“It will generate benefits for consumers and families, for the manufacturing industry, and most of all, for our national economy as a whole,” said Menendez.
“NJMEP, we have a database of 9,000 companies and it’s a pretty good database, but it doesn’t go deep enough,” Kennedy told NJBIZ. “Worse, it doesn’t communicate with other MEP centers around the country. So, we literally, during COVID, had to do physical printouts and physical searches.”
Kennedy said the system was inefficient during a moment of a crisis, which is not a good thing for anybody. That’s why this database has the potential to be a game-changer.
“It’s real important because you can’t fix your supply chain until you know what’s in it,” said Kennedy. “And that’s part of the problem. We don’t know.”
The initiative is one that Kennedy and Menendez have worked together on for several years.
A popular move
The CHIPS Act is being well-received by the business community, especially in New Jersey, because of the potential for economic growth. “The shortage of semiconductors represents a significant challenge to thousands of businesses across New Jersey,” said Ray Zardetto, senior vice president of communications for the New Jersey Chamber of Commerce. “But this shortage also presents an opportunity for our state to again become a leader in this vital industry. New Jersey has a long and rich history of innovation, and it has always been characterized by visionary leadership and smart investments. The CHIPS legislation embodies both.”
Michele Siekerka, New Jersey Business & Industry Association president and CEO, said her organization supports the bill and its incentives to spur growth in domestic computer chip manufacturing. “The increased production of these chips that power and bring innovation to all modern electronics and automobiles, will help ease supply chain challenges and reduce reliance on foreign manufacturers,” Siekerka said. “Here in New Jersey, where we have a storied and historic role in manufacturing, we are primed to play a key role in this much-needed growth [and] innovation expansion.”
The additional funding for the Manufacturing Extension Partnership will help small- and mid-size New Jersey manufacturers train workers, adopt new technologies, and strengthen their own supply chains.
“If you don’t have the components. If you don’t have the supply chain, you can’t build it,” said Kennedy. He added that in order to protect ourselves in the future it is vital to reinvest in the industry.
“It’s a positive bill. I’m not a big fan of pumping money into things. But if we don’t invest intelligently in our infrastructure, and manufacturing is a key infrastructure, we’re screwed,” said Kennedy.
Biden has also emphasized that the bill is not a blank check to companies, saying it has guardrails to protect taxpayer dollars and the interests of the American workers, small businesses and communities. “It means companies partnering with community colleges, and technical schools that offer training and apprenticeship programs, and working with small- and minority-owned businesses,” said Biden.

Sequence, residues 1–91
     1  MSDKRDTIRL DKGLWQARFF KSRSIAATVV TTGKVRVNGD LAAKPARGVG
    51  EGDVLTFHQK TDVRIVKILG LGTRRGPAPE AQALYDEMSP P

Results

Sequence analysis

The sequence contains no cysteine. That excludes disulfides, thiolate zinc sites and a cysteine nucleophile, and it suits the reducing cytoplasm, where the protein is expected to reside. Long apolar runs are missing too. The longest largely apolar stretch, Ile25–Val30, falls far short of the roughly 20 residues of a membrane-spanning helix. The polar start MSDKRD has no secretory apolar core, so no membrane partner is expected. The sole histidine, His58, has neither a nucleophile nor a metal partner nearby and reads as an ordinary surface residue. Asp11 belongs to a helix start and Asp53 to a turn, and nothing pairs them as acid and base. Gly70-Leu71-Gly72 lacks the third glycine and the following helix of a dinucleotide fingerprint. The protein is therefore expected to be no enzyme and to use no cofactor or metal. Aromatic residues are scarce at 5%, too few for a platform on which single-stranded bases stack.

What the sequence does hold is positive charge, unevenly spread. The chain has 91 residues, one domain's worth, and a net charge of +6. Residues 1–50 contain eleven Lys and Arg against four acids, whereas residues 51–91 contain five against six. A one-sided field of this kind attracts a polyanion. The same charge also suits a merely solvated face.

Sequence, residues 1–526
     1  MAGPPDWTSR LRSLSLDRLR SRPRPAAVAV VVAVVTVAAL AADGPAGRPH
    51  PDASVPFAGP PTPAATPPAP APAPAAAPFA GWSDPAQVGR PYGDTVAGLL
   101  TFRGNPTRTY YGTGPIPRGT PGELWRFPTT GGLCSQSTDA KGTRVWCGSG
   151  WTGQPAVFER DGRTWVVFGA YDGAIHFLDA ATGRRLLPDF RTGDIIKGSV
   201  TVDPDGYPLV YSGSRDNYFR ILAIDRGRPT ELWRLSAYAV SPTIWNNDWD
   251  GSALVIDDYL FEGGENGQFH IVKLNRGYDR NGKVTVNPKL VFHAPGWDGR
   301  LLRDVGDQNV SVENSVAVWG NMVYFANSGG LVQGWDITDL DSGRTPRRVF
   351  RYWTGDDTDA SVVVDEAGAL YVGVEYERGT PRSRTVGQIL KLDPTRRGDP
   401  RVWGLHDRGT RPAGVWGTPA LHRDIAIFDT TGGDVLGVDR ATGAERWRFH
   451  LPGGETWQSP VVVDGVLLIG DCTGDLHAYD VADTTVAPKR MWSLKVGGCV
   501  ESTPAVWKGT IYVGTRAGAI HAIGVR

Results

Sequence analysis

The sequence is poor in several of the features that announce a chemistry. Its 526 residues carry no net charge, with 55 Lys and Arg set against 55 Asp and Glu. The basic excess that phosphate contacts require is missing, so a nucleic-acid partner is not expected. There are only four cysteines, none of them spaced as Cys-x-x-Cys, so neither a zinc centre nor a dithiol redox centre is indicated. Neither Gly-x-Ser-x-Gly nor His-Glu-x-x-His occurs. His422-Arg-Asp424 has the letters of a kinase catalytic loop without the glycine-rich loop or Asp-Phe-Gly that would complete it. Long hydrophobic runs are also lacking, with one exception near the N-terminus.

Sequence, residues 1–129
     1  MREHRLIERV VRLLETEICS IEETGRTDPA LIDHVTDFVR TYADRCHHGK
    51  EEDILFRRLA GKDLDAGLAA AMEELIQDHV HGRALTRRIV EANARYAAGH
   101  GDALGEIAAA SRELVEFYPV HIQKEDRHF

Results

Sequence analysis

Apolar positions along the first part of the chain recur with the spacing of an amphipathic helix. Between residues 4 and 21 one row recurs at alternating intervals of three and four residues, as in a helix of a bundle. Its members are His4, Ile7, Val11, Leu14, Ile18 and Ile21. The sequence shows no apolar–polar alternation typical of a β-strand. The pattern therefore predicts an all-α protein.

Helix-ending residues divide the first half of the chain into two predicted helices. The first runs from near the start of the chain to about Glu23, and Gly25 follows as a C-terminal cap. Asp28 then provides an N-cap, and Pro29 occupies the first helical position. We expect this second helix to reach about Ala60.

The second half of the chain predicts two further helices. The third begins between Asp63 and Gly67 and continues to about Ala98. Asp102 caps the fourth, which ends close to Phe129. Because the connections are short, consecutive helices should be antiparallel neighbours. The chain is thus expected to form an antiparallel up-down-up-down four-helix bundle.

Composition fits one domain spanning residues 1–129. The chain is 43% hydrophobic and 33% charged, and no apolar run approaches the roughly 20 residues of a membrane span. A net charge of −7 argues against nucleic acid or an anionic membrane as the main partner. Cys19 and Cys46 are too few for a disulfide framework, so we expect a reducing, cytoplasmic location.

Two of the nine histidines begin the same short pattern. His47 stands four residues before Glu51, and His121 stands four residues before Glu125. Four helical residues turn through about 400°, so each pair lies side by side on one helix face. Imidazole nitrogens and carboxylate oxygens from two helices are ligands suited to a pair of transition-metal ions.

Kennedy pointed out that his industry is high-tech, clean and offers great career potential, but it has not always gotten a lot of attention as it has evolved over the last 30 years.
“And some of this stuff is now bringing attention to it,” Kennedy explained. “It’s a great career industry where you can make a very good living and grow yourself as an individual and have, what we call, the American dream.”
He said the New Jersey manufacturing industry must seize this opportunity to go after additional funds and try to grow companies and attract and retain talent here in the Garden State.
“Look, made in the U.S. is a great thing. But I’m pretty biased. Made in New Jersey is a pretty awesome thing, too,” said Kennedy.
Kennedy believes if this legislation is used properly, it can be a home run, as long as the stakeholders stay the course to make it all work. I think we’re all learning from one another and moving the ball in the right direction,” said Kennedy. “Industry and government don’t always communicate well. And in order to move forward, we need more of that. And I think that some of this stuff is showing that we are.”
And he does believe that the CHIPS Act will produce benefits for New Jersey. “We’re in the perfect place, right?” Kennedy asked. “We’re within 24 hours of about 100 million people. New Jersey’s right in the middle of everything. We’ve got the smartest, most capable people. And yes, I’m biased. But we have a lot of talent here and a lot of great companies. Let’s help them drive New Jersey and the country.”
Editor’s note: This story was updated at 5:20 p.m. ET Aug. 9 to note that President Biden signed the bill into law.